Sunday, November 2, 2014

Logan's Lovin' the Good Life ~By Logan

Everybody wants a good life. This may sound obvious, but it still renders true. So what exactly constitutes what is, and is not considered a good life? Well, this is a very subjective topic, which will surely have many different answers; I think that it all comes down to happiness. In order to have a good life, in my opinion, one must be happy.
Of all things, I have found happiness in helping others. When I was in seventh grade, my younger brother was diagnosed with systemic onset juvenile rheumatoid arthritis, a form of arthritis that not only attacks one’s joints, but also their internal organs. When I first learned about the severity of his disease, I was at a loss for words, but from that moment on I knew what I wanted to do; I wanted to become a pediatric rheumatologist. I immediately put this plan into action, by starting to volunteer at the Arthritis Foundation. Though the work may not have seemed like a lot to most, I knew that I was helping the Foundation in a large way. Soon they assigned me a larger task; they saw the leader in me, and asked me to organize an event for families to come together and network. I gladly accepted this task, and when I saw the smiles of the people attending the event I was ecstatic. Knowing that I could help people, and bring them joy made me the happiest person on the planet.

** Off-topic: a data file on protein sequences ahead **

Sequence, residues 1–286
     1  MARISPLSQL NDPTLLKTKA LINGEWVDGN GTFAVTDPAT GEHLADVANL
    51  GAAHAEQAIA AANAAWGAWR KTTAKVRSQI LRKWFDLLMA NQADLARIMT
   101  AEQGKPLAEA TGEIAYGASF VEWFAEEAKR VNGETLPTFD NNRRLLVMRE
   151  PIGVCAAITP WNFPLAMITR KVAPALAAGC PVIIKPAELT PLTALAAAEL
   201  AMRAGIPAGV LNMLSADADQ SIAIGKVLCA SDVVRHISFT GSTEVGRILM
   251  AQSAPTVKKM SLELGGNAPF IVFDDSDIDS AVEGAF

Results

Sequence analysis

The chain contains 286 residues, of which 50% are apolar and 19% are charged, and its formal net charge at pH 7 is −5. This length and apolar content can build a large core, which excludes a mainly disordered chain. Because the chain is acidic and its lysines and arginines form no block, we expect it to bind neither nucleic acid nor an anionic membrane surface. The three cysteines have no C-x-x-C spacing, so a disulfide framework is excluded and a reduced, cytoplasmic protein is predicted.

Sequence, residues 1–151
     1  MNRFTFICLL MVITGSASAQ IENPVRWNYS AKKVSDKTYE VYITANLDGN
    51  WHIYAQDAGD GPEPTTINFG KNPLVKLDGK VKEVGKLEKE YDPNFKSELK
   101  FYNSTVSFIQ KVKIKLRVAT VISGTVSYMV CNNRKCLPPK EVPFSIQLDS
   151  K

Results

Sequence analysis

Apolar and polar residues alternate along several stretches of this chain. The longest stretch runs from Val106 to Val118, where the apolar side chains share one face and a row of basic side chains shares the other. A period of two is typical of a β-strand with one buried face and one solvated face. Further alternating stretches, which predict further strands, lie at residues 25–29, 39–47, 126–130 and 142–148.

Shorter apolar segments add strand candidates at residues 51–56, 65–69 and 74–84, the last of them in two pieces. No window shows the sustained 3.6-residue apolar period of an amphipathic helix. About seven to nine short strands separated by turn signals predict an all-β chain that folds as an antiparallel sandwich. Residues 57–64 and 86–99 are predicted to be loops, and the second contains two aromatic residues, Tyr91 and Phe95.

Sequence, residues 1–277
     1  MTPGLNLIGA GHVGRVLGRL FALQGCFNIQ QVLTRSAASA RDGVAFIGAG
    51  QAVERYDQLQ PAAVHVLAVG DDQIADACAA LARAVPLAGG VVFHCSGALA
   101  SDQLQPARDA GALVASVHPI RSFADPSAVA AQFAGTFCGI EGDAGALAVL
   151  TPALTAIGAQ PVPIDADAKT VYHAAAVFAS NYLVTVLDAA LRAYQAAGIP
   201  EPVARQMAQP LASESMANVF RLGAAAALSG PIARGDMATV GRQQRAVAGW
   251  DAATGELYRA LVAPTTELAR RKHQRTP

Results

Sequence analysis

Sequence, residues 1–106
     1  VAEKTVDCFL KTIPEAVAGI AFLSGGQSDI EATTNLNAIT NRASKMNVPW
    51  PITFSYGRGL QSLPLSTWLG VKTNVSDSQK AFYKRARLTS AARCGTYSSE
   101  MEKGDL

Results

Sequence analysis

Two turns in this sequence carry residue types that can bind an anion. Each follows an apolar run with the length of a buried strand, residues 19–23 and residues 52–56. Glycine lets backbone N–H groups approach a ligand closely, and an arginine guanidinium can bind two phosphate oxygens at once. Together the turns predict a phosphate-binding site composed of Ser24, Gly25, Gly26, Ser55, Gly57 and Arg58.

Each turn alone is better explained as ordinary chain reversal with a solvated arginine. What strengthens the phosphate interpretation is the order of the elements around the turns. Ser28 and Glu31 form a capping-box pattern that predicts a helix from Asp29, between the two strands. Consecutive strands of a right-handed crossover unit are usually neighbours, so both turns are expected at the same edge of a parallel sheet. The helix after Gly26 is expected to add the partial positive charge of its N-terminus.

If we fast-forward a few years to the present, I am still helping people, but now on a national level. The arthritis foundation has made me a committee member on the young adult committee for the National Juvenile Arthritis Conference in 2015. Now I am bringing people together from across the country to network and advocate for juvenile arthritis. I feel like I am truly making a difference now, and changing people’s lives, for the better, along the way.

My undergraduate experience, however, will not prepare me for ‘the good life’ because I am already living that. On the other hand, college will prepare me for a better life, by helping me reach my ultimate goal of going into pediatric rheumatology. Once I become a pediatric rheumatologist, I will have a chance to eliminate the pain that hundreds of children suffer from on a daily basis, and that will make me the happiest person on the planet.           

1 comment:

  1. Logan,
    Your essay brings tears to my eyes...with pride in the young adult that you have become. You are so much like your mom. She knew what her path would be when she worked with the Angelus House in St. Petersburg. At the age of 13 yrs. she decided to work with very young children in the special ed dept. and now she has an amazing career helping families of these children. I was so proud of her path as her mom, and I am so proud of yours as your grandmother. You will make an outstanding pediatric rheumatologist someday. You bring much joy and happiness into my life and I love you very much!